IV. Trends on public interest defences/exceptions in the ISDS context


Tribunals have generally recognised that States have the power to regulate on the basis of Public Interest, upholding investors’ claims in respect of specific instances of improper exercise of such a power, such as in the case of lack of good faith.28 Investors have prevailed, inter alia, in cases concerning (i) the introduction of restrictive tender requirements for frequencies and broadcasting;29 (ii) specific measures in the context of broad economic reforms;30 and (iii) denial of permits for socio-political concerns (as opposed to genuine Public Interest).31


Tribunals have instead upheld States’ Public Interest defences, based either on specific treaty provisions or implicit obligations stemming from the text of the relevant treaty, in support of (i) gambling industry regulations based on general public interest;32 (ii) tobacco industry regulations based on the protection of public health;33 (iii) public parking regulations based on the protection of culture;34 and (iv) gasoline manufacturing regulations based on the protection of the environment.35


Arcuri, A. and Montanaro, F., Justice for all? Protecting the public interest in investment treaties, Boston College Law Review, Vol. 59, Issue 8, 2018, pp. 2791-2824.

Bonzon, A., Balance between investment protection and sustainable development in BITs, Journal of World Investment & Trade, Vol. 15, Issue 5-6, 2014, pp. 809-826.

Cai, L., Where does China Stand: the Evolving National Treatment Standard in BITs, Journal of World Investment & Trade, Vol. 13, Issue 3, 2012, 373-389.

Choudhury, B., Exception provisions as gateway to incorporating human rights issues into international investment agreements, Columbia Journal of Transnational Law, Vol. 49, Issue 3, 2011, pp. 670-716.

Gibson, C. H., Beyond self-judgment: Exceptions clauses in US BITs, Fordham International Law Journal, Vol. 38, Issue 1, 2015, pp. 1-56.

Giest, A., Interpreting Public Interest Provisions in International Investment Treaties, Chicago Journal of International Law, 2017,  pp. 321, 337-338.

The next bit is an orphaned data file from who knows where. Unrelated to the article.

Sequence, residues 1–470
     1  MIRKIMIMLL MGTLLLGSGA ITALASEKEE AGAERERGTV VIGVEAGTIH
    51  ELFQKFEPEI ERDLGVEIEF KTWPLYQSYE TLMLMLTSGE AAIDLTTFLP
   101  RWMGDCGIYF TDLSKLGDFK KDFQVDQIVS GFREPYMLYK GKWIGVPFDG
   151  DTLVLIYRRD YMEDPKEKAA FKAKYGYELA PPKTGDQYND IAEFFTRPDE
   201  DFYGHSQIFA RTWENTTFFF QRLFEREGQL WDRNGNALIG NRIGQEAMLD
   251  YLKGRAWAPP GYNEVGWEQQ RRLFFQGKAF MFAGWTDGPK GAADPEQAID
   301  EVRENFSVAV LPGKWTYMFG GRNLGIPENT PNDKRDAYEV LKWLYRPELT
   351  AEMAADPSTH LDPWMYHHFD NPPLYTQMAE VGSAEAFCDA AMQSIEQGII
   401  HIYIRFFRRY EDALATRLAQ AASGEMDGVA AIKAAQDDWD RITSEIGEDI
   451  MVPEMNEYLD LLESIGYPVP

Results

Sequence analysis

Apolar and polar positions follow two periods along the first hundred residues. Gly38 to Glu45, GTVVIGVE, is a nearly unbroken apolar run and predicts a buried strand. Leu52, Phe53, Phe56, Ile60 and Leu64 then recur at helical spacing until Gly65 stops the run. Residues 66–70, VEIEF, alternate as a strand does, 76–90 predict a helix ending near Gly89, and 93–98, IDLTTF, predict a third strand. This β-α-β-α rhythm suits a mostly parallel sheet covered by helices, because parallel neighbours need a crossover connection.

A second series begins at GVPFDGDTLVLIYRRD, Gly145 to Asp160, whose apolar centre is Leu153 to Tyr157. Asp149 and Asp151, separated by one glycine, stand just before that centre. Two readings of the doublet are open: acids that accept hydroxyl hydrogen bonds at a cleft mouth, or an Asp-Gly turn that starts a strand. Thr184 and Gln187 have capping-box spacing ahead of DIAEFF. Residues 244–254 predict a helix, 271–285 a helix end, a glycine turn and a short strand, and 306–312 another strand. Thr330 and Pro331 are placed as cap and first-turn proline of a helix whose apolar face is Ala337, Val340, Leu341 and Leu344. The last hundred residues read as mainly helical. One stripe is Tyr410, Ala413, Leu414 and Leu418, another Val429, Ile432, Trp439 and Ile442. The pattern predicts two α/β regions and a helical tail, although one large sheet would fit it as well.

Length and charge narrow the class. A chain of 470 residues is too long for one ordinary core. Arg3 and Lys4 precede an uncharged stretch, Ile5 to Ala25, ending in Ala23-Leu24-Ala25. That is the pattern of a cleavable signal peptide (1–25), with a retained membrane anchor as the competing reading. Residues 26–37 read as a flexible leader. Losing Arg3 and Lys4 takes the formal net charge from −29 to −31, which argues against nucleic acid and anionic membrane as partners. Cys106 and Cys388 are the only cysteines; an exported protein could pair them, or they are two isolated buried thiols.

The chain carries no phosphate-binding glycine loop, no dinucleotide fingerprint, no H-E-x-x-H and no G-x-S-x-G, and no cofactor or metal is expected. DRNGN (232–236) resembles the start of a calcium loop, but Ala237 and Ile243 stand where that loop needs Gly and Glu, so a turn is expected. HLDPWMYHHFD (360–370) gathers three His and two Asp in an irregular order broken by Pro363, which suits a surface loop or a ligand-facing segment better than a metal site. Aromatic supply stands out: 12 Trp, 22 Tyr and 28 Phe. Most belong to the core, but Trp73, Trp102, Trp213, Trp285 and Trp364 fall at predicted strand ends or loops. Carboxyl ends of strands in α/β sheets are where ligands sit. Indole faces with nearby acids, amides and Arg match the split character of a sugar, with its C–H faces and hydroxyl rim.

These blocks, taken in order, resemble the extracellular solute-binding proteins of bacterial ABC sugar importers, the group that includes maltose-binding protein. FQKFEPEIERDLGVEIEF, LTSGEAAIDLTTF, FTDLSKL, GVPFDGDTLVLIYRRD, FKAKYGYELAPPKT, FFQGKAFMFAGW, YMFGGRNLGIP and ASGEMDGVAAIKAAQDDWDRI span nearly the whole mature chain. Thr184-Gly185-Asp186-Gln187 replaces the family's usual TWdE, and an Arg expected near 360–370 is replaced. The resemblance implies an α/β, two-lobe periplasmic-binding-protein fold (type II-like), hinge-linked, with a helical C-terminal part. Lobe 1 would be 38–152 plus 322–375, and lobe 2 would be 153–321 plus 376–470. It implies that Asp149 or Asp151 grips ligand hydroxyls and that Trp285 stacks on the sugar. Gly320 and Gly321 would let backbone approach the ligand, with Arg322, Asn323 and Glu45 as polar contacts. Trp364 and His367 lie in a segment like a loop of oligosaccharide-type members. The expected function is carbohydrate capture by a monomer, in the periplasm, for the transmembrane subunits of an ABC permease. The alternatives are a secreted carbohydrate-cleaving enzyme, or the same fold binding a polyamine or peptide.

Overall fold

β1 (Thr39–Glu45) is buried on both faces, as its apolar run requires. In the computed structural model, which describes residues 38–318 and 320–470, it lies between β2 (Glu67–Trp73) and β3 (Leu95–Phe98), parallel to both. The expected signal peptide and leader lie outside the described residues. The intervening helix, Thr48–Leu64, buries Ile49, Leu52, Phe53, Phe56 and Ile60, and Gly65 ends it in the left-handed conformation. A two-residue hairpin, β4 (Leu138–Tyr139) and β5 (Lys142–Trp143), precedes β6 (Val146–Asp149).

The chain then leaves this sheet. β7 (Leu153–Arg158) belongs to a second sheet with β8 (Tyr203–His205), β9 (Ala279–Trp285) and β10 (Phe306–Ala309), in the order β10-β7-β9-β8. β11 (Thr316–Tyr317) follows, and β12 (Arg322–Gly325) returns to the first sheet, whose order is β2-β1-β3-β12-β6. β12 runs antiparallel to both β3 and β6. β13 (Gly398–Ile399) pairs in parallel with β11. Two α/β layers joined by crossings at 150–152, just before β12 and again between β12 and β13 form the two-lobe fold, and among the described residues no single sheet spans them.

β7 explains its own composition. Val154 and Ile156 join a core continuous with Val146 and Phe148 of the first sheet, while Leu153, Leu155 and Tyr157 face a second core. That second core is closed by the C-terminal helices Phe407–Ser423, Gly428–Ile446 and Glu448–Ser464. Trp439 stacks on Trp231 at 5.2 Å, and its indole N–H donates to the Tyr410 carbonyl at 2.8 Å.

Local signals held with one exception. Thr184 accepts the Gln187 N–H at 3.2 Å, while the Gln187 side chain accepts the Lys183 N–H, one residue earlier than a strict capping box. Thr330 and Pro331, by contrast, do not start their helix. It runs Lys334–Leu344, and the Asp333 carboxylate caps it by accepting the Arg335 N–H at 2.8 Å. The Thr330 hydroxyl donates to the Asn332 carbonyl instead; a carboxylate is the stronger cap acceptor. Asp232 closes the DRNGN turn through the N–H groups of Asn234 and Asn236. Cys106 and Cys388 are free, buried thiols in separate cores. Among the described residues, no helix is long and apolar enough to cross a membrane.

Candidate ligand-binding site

Henckels, C., Should Investment Treaties Contain Public Policy Exceptions, Boston College Law Review, 2018, p. 2825-2844

Kingsbury, B. and Schill, S.W., Public Law Concepts to Balance Investors’ Rights with State Regulatory Actions in the Public Interest: The Concept of Proportionality, in Schill, S.W. (ed.), International Investment Law and Comparative Public Law, 2010, pp. 75, 78.

Martinez-Fraga, P.J. and Reetz, R.C., Public Purpose in International Law: Rethinking Regulatory Sovereignty in the Global Era, 2015, p. 126. 

Sappideen, R., and He, L. L., Dispute Resolution in Investment Treaties: Balancing the Rights of Investors and Host States, Journal of World Trade, 2015, pp. 85, 112

Sauvant, K.P. and Ong, M., with Lama, K., and Petersen, T., The rise of self-judging essential security interest clauses in international investment agreements, Columbia FDI Perspectives No. 188, 5 December 2016, pp. 1-8

Schill, S.W., Briese, R., “If the State Considers”: Self-Judging Clauses in International Dispute Settlement, Max Planck Yearbook of United Nations Law, 2009, pp. 61-140

Schill, S.W., and Djanic, V., Wherefore Art Thou? Towards a Public Interest-Based Justification of International Investment Law, ICSID Review-Foreign Investment Law Journal, 2018, pp. 29, 43.

Sinha, A., Non-precluded measures provisions in bilateral investment treaties of South Asian countries, Asian Journal of International Law, Vol. 7, Issue 2, 2017, pp. 227-263.

Titi, C., The Right to Regulate in International Investment Law, Studies in International Investment Law, 2014, p. 101.

Wang, W., The Non-Precluded Measure Type Clause in International Investment Agreements: Significances, Challenges, and Reactions, ICSID Review, 2017, pp. 447-456.